Unfortunately, the last I checked, the Kelty White Cloud does not come in an x-small size. A friend had one and I really wanted one too, but I am too small.

The major part of a pack's weight is the internal (or external) frame and suspension system, hip belt and shoulder straps. The actual "bag" is a smaller part of the total weight. Thus, increasing volume does not proportionally increase the total pack weight. The only problem I see with a too large pack is that you will tend to just add more because you can!

Regardless of volume, the pack has to be able to carry the weight. The most important thing is to get a pack that FITS best and has the weight capacity needed. Once these criteria are met, you can play with volume. I find that the stated "weight capacity" is often too optimistic. For me if a pack is rated at 45 pounds, 35 is really my "comfort" limit.

You also have to pay attention to the design proportions (where does the pack get its volume). I bought a pack once that had much of its advertised volume as an expandable top. When loaded, it was very unstable and top-heavy for the x-small frame. It now is relegated to a travel pack (luggage). Some packs use extra width go gain extra volume. Be careful here - the pack can restrict arm movement when using trekking poles. Other packs get the extra volume by being deeper (front to back). The closer to your back the weight is, the easier it is to carry. Some packs have much of their "volume" in tons of small pockets, which often are too small to be useful. I have had two packs, listed as the exact same volume, and one works fine with all my equipment; the other does not.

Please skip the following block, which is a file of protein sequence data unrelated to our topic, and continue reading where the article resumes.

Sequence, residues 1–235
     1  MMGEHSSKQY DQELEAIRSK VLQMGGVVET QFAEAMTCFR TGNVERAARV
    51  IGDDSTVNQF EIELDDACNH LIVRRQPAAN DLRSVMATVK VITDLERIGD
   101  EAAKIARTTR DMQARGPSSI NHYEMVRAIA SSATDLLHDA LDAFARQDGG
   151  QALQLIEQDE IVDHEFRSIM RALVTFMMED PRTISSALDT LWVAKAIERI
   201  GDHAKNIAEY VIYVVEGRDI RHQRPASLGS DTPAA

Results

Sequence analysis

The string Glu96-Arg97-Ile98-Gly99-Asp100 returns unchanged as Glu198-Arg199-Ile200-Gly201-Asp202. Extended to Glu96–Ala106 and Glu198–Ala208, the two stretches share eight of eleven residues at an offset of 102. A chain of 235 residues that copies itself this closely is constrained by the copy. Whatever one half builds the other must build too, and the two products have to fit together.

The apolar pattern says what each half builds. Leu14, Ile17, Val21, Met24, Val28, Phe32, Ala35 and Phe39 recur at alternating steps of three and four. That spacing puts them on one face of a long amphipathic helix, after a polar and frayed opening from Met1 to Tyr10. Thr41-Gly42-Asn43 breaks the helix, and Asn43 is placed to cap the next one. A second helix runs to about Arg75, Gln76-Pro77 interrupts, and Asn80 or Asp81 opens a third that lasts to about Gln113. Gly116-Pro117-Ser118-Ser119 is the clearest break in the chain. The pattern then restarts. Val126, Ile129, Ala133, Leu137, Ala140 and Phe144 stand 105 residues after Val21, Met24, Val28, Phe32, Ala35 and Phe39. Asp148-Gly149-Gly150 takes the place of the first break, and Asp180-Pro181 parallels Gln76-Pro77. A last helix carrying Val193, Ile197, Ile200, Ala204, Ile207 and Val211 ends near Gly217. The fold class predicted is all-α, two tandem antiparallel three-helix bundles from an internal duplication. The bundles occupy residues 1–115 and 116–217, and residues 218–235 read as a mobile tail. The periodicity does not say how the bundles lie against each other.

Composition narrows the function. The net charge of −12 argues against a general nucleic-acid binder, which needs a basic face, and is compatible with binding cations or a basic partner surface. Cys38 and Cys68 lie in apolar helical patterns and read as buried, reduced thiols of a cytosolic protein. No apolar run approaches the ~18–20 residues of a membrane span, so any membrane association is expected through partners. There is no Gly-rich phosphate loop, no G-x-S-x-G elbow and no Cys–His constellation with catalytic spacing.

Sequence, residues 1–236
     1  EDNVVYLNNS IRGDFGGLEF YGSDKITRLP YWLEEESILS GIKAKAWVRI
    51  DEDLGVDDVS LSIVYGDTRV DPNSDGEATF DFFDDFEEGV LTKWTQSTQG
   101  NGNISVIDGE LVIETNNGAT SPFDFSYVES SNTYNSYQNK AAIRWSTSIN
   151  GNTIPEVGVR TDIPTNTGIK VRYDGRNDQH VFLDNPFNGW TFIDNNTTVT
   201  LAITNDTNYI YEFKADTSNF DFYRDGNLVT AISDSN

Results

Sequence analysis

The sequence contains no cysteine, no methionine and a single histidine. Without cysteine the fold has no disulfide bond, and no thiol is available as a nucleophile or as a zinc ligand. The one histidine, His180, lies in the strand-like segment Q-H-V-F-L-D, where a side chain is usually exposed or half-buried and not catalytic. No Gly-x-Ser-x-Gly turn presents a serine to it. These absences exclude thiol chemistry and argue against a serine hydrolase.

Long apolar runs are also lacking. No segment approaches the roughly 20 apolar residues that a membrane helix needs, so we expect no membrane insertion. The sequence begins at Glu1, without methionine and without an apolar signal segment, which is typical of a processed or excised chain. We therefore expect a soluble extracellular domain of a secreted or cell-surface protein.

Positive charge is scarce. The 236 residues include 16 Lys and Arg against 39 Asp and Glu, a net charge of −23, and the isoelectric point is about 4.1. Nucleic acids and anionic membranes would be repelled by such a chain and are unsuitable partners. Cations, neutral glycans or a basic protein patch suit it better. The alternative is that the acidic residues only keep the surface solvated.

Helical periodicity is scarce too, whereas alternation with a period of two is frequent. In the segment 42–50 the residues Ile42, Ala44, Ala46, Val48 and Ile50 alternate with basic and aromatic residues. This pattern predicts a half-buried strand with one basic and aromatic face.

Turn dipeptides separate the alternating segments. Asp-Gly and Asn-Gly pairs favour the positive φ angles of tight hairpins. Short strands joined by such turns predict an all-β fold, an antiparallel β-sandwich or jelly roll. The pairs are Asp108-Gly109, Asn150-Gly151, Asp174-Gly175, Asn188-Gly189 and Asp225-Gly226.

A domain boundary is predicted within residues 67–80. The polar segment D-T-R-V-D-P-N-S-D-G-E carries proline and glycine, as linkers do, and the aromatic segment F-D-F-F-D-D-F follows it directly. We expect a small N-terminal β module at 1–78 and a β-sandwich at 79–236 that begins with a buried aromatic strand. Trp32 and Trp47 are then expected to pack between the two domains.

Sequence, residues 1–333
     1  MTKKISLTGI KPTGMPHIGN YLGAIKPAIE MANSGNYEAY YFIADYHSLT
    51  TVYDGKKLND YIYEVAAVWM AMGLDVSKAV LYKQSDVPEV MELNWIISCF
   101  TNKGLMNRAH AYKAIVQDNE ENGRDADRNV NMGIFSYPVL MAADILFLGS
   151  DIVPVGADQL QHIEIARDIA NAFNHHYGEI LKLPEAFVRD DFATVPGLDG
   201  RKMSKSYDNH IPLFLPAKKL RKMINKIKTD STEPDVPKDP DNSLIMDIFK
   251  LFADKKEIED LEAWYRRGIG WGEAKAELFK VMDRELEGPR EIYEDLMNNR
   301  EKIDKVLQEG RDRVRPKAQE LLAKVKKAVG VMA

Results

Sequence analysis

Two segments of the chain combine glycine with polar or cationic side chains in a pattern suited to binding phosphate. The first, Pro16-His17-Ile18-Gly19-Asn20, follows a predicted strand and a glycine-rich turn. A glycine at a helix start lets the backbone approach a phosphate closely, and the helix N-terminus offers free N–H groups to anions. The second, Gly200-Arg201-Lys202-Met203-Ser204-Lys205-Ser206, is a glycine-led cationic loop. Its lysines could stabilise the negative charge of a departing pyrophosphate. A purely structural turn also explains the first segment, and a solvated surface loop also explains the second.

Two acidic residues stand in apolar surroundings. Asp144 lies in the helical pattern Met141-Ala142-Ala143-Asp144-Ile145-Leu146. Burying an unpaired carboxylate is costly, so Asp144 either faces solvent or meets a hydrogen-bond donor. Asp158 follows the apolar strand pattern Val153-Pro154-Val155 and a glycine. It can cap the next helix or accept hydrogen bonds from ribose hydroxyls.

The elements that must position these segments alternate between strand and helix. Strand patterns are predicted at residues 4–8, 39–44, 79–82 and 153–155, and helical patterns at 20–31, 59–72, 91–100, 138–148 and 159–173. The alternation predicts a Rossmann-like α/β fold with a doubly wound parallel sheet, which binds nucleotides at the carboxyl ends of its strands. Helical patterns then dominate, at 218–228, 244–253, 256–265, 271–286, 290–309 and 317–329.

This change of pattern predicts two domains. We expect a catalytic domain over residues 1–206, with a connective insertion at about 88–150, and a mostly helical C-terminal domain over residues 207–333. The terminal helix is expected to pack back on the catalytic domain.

Because of the above, I am still a proponent of getting equipment first, then fitting it in a pack, and then be sure to carry it around a while to see if it is comfortable and well balanced for your body. As you gain experience, you can begin to reduce volume and weight of your equipment and learn what is really needed and what is not. Maybe after a few years you can get by with a smaller pack.

After nearly 50 years backpacking I am still experimenting, deleting, adding, trying UL gear, buying different packs. If you watch out for sales, packs really are not that expensive (for example, compared to sleeping bags or tents). If I buy a pack and it does not work well after a season's use, I simply donate it to my local boy scouts.

One pack I will never give away is my original 1968 Kelty external frame with extension bar. I still occasionally use it. But now that I am no longer lugging 30 pounds of technical climbing gear, it is a bit over-kill.